On October 12, 1993, approximately 2022 central daylight time, a Beech A36, N6198A, was substantially damaged during approach to the David Wayne Hooks Airport in Tomball, Texas. The airplane, owned and operated by an instrument rated private pilot, was on a personal cross country flight. An IFR flight plan was filed and in effect and instrument meteorological conditions prevailed. Neither the pilot nor the one passenger were injured. Use your browsers 'back' function to return to synopsisReturn to Query Page
The pilot had air filed while en route from Alice, Texas, to the Houston area. He was cleared for the localizer/DME runway 17R approach. He stated that he descended to minimum descent altitude (500 feet MSL) and engaged the altitude hold on the autopilot. He further stated that he then looked out to spot the airport and when he looked back in the cockpit, he noticed that the airplane was descending below 300 feet MSL. He said that at that point, he initiated a go around. He stated that the descent continued for another 150 feet before the airplane started to climb. The airport elevation was 152 feet. The pilot further stated that he thought he had encountered windshear and did not realize it until he scanned the instruments. Winds at the approach airport were reported as being from 120 degrees at 7 knots with no gusts and there were no other reports of windshear in the area.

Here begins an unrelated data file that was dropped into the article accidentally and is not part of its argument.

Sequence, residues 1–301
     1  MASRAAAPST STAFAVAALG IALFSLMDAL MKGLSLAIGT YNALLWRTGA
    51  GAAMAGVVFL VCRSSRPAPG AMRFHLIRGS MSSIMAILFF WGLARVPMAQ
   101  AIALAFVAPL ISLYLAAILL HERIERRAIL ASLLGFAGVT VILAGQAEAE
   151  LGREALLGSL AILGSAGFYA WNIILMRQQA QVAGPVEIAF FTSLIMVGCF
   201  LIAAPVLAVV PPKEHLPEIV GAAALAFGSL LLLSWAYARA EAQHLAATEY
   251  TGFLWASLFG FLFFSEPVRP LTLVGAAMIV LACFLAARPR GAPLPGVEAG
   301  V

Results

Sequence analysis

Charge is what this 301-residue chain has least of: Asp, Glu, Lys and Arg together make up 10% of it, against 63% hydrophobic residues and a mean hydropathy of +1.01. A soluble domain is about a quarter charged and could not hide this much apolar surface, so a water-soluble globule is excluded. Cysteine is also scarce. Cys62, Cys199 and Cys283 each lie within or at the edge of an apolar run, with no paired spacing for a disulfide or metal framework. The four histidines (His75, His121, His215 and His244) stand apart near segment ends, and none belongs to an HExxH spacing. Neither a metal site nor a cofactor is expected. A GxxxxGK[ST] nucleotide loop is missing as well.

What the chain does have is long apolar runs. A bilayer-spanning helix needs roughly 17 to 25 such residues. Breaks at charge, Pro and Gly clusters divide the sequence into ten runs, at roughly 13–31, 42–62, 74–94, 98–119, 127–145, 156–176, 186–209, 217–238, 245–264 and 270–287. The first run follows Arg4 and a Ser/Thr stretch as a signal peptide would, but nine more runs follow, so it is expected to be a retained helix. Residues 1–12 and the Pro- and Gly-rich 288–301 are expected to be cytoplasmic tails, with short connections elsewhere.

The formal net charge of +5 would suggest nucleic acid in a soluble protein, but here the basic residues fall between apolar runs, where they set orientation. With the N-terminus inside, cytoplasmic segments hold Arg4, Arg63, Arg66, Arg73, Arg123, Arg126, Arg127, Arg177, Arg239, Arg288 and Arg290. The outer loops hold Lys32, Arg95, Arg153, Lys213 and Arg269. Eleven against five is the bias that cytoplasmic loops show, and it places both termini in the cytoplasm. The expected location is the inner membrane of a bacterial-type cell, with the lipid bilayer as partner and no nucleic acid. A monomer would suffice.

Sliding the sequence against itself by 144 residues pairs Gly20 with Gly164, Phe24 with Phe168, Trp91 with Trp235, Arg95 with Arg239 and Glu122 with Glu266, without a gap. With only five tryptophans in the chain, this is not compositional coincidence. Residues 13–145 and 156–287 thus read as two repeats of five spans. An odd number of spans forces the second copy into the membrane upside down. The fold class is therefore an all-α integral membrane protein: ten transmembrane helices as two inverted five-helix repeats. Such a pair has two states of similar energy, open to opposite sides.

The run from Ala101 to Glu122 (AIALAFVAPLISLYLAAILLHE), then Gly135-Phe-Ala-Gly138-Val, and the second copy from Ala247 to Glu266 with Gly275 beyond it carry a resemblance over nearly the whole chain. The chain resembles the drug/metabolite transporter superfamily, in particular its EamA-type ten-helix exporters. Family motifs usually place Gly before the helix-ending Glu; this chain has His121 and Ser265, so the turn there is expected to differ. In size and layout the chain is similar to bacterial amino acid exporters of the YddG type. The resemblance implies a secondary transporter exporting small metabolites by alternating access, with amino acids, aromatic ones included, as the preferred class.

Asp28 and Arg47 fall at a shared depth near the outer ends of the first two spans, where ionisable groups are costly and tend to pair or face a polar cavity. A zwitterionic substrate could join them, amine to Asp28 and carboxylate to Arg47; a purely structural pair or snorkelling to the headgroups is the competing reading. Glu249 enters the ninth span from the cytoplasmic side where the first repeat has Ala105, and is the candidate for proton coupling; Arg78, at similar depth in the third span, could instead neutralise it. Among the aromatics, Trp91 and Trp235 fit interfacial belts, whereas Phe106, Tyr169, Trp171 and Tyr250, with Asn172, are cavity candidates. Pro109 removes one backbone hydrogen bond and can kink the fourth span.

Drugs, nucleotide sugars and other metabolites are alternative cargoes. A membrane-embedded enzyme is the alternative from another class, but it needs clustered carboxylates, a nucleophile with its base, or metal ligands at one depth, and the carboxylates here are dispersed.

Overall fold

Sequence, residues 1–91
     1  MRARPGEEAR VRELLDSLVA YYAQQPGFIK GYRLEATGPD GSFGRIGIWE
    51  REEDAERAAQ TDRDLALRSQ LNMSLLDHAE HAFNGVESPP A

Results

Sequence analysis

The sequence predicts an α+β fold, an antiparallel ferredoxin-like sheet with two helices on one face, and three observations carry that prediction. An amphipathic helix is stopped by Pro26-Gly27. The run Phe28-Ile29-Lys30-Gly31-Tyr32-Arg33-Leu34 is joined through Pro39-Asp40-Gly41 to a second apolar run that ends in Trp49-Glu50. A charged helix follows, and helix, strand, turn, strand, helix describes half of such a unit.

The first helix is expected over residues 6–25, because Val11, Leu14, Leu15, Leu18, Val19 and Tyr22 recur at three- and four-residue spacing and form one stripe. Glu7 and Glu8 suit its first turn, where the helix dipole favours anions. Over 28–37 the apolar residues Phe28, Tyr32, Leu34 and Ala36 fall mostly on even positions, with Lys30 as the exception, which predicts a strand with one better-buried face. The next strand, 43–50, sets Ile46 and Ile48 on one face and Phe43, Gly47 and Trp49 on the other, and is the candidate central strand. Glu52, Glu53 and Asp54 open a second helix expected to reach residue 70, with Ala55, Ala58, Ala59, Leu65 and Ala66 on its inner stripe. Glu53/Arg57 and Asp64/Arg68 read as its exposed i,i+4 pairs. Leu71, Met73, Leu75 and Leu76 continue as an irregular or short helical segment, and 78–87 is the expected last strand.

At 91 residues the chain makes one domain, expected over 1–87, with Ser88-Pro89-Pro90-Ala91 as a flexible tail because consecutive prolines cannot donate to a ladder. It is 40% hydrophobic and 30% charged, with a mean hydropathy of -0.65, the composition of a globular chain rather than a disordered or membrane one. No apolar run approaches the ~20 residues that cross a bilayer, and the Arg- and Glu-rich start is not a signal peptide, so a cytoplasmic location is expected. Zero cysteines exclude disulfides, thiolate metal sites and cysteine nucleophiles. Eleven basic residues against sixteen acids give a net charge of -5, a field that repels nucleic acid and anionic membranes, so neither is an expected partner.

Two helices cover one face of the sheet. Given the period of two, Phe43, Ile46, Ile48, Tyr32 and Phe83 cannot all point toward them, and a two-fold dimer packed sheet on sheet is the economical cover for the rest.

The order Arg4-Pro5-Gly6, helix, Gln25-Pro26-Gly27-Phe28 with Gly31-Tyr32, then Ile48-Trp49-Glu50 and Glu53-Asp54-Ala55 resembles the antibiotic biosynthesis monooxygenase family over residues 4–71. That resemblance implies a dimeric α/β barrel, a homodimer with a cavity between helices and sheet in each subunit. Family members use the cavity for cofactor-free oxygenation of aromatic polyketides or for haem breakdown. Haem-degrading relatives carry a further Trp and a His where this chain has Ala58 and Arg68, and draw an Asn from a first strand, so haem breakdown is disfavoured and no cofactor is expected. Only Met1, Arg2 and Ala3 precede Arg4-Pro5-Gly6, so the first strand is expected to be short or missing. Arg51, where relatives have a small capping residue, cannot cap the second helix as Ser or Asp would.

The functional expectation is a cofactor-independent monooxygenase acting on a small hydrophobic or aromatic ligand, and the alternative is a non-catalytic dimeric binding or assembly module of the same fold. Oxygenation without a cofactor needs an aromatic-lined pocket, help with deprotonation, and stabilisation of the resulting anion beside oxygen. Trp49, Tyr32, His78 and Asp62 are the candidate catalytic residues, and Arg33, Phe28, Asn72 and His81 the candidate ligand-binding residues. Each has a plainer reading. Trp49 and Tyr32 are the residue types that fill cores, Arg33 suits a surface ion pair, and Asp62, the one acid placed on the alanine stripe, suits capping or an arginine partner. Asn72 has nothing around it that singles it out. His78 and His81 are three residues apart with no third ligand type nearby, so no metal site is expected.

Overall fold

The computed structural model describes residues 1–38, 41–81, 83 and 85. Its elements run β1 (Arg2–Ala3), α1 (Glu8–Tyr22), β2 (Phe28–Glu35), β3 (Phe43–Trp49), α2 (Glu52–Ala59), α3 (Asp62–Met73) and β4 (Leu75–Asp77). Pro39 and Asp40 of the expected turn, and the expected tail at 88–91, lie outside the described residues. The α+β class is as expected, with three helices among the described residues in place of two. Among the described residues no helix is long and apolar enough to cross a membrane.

According to the air traffic control tape transcripts, the local controller issued the pilot a low altitude alert at 2022:12, and at 2022:27, the pilot stated "nine eight alpha going back up." At 2022:48, the pilot contacted the local controller and stated "Well we got a minor problem I hit something with my landing gear I need to get to a clean airport so I can belly this thing in." After being handed off to approach control, the pilot advised the controller that the gear was functional and requested vectors to a VFR airport. The flight ultimately landed without further incident at Houston's West Side Airport. Examination of the airplane revealed substantial damage to the leading edges of the wings and spars.